Welcome to Funderdome: Some games from Avalon Mall arcade find new home
G-Force Funderdome targets older customers with games that can't be replicated at home or on phones
It's game over for the Avalon Mall's Starcade, but some of its games are getting a new home.
It was announced last week that the St. John's arcade — the only one in the city — would be closing Jan. 28 after a quarter-century.
The G-Force Funderdome, which houses Newfoundland's first indoor go-kart track, will be bringing in some of the coin-collecting amusements to its new arcade, which opened Friday in Mount Pearl.
'We're looking at licensing our VIP lounge, which would give us after-hours — after 8 o'clock, 9 o'clock p.m. we would be adults-only.' - Walter Matina
Walter Matina, one of the Funderdome's owners, calls it a family entertainment centre.
"We have an indoor arcade, a retro arcade," he said.
"A lot of the games from Starcade have moved over to our arcade … we brought in a lot of new games, a lot of pinball machines, a lot of the old retro games like Pac-Man and Donkey Kong."
Matina said they are targeting older customers with the retro games, and are planning an area for adults.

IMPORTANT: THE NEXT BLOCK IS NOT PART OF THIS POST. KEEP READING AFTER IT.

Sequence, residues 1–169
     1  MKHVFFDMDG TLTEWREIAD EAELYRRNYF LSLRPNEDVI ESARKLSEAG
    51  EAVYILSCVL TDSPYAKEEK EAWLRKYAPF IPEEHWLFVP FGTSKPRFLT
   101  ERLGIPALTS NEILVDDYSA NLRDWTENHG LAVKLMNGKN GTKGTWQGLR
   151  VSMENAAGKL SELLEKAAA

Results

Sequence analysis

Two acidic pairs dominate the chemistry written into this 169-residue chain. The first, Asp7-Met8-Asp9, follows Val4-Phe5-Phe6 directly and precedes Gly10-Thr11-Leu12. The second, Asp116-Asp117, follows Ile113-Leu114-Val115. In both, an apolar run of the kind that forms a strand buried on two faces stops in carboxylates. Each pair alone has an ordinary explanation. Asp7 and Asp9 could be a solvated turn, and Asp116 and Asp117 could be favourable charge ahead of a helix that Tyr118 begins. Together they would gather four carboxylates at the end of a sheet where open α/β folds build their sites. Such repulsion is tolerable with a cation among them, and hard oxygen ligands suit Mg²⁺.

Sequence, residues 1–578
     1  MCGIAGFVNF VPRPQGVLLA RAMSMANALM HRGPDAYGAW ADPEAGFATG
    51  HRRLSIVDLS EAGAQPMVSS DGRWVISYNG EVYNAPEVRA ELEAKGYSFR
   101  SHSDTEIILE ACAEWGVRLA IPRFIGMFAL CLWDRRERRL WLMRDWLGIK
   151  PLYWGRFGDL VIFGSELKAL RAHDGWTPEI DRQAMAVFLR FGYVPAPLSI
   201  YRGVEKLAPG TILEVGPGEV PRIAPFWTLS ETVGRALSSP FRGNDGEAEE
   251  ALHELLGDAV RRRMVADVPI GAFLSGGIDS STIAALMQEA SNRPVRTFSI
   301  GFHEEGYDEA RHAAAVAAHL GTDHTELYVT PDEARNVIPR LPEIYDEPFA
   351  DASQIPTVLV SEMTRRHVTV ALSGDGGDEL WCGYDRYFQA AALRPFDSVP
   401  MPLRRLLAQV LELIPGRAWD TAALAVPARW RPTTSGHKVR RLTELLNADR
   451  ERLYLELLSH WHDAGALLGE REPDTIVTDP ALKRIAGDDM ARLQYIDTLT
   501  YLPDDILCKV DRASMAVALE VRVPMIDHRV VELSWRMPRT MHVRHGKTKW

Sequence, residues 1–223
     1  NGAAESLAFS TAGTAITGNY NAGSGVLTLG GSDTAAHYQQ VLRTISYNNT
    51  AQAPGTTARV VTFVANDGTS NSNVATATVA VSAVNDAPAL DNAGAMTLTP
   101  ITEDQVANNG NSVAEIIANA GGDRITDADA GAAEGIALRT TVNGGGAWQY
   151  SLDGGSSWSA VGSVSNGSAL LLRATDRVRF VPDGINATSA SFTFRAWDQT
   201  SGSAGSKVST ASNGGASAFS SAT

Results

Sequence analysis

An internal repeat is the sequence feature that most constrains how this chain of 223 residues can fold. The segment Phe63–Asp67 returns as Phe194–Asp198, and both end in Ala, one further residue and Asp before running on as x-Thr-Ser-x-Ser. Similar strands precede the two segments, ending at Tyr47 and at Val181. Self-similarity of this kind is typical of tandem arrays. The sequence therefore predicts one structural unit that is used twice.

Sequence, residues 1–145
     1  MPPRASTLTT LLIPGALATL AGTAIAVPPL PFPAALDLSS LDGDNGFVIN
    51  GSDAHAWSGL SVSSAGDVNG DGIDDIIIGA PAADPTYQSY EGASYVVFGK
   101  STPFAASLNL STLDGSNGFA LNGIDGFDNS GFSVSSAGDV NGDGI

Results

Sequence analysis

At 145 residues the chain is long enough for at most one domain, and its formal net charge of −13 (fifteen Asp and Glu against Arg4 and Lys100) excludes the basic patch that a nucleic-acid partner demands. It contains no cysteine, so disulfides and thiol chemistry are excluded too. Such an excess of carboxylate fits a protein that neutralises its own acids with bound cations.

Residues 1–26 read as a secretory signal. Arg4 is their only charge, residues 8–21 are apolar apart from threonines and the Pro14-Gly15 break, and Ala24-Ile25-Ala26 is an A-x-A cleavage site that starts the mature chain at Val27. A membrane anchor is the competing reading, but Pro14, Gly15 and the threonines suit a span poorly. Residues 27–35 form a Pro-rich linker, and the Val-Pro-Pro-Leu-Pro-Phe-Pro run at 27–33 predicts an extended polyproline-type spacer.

"We're looking at licensing our VIP lounge, which would give us after-hours — after eight o'clock, nine o'clock p.m. we would be adults-only," he said.
"Where you can come in and have a drink, play some miniature golf in February, which we'll be opening up, play some video games and enjoy some go-karts and entertainment."
Decline of the arcade
Ryan Hale, the studio head of St. John's video game developer Other Ocean, said the news of Starcade's closure is sad but not surprising.
"There's been a longtime decline of traditional arcades across the country and probably across the world," he said.
"You can play games on your phone. It's not quite the same experience but it doesn't make the games in the arcade as special anymore."
But he's optimistic about the Funderdome venture, because of its plans to provide an experience that can't be easily replicated on mobile or personal gaming devices.
"People don't have access to traditional pinball machines at home," he said.
"But even going into the future, there's going to be VR [virtual reality] as well … it has to be something special, something that you go [to] that you can't necessarily get at home or that doesn't translate well to a mobile device."